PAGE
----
Factors that affect HVAC replacement costs
How much you pay for your new HVAC system can vary broadly depending on the needs of your home. Below are some factors that influence the overall cost of purchasing and installing a new HVAC system.
Size of home
Large homes require more energy to be heated and cooled than small homes. So, naturally, large homes require more powerful HVAC systems, which cost more to install.
Structure of home
Structural characteristics of your home can affect HVAC system costs, including roof shape, window type, and insulation level. Homes with denser insulation are typically more energy efficient and can reduce energy usage and costs.
Type of HVAC system
Homeowners have many options when it comes to purchasing an HVAC system. For example, you can choose between a ductless or ducted system, which vary in price. Your home might already have ductwork, which will make it cheaper to install a new ducted system. You can also pay extra for additional features like programmable thermostats and heat pumps.
Every air conditioner model has a seasonal energy-efficiency ratio, or SEER, which measures how efficiently the unit cools a given space. A higher SEER means the system cools very efficiently. These systems tends to be more expensive but will lower your energy bills over the long term and are often the more financially friendly investment.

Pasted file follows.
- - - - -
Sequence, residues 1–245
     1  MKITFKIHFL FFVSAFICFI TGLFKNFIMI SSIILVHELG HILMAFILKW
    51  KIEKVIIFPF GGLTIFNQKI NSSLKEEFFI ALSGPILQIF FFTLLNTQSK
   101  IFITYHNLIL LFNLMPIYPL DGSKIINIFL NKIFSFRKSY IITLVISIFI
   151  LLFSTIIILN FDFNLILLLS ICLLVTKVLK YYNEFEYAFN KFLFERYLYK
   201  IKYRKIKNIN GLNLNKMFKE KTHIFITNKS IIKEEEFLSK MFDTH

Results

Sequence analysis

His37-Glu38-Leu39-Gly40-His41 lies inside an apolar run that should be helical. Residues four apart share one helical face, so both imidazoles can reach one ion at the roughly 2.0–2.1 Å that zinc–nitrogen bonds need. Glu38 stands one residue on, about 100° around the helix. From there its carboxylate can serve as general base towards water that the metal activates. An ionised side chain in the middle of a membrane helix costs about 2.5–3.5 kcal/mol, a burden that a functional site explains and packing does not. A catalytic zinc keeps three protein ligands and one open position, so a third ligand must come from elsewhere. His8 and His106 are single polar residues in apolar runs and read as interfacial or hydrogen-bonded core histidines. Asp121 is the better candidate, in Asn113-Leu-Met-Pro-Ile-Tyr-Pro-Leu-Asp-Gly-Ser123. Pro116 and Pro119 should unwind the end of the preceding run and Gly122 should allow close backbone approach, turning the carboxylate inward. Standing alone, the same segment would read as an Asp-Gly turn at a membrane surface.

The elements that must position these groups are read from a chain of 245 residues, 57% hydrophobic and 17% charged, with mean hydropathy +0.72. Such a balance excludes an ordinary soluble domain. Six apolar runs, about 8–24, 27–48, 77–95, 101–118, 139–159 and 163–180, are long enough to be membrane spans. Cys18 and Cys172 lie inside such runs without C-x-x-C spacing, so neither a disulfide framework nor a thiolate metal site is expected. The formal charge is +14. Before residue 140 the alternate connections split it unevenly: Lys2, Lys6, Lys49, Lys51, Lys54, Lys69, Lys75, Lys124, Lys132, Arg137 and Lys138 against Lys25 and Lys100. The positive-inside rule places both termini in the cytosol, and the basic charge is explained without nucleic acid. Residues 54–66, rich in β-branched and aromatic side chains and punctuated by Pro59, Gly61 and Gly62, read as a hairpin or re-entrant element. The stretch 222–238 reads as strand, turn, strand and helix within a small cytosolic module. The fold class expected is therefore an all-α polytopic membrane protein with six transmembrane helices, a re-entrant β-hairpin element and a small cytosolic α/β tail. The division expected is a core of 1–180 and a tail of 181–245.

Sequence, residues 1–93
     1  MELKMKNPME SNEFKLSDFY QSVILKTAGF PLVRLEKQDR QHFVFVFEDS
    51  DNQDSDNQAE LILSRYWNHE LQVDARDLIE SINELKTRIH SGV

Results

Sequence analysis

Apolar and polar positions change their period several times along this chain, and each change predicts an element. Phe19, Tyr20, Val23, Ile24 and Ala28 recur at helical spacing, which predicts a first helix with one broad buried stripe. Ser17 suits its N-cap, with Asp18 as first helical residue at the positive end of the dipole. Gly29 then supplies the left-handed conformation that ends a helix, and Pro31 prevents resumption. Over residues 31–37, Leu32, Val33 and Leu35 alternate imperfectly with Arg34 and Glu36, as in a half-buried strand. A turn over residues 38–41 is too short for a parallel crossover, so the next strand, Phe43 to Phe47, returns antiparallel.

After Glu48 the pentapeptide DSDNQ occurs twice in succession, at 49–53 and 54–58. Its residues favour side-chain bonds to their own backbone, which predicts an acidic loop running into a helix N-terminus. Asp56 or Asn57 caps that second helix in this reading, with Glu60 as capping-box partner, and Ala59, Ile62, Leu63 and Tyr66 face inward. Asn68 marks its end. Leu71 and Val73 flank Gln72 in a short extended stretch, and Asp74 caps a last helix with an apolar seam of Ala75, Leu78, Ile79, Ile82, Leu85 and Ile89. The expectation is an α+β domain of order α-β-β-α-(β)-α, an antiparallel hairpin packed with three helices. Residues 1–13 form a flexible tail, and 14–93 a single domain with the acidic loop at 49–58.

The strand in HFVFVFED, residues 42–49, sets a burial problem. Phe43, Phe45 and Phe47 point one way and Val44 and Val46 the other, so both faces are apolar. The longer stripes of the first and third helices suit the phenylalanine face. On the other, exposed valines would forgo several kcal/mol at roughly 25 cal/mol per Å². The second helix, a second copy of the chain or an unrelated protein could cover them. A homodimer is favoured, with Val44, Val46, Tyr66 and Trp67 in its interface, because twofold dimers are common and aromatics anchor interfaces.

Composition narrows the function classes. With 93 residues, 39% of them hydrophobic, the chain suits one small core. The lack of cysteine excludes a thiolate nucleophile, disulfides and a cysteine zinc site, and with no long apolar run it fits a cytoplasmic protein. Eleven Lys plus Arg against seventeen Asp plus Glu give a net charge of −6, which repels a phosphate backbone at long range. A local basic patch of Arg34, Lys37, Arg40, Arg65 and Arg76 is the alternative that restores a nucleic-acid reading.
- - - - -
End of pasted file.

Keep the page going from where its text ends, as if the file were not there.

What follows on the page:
Brand of system
HVAC costs vary by brand as well. Budget brands can help you save on equipment and installation, while more expensive brands typically boast more powerful features and high-end service. Different dealers also work with certain brands, which leads to more variability in price. Shop widely and compare estimates to find the best price.
Your local climate
Homes in warm climates have greater cooling needs, while homes in cold climates require stronger heating equipment. Make sure you buy the right system for your climate, as the wrong system will heat less efficiently, resulting in higher energy costs.
Every state has passed some policies and incentives related to clean energy. If you live in a state like Minnesota, which has passed 136 clean energy policies and incentives, you have a better chance of qualifying for certain rebates and tax credits if you opt for an Energy Star-certified HVAC system than you would in Tennessee, which only has 15 such policies.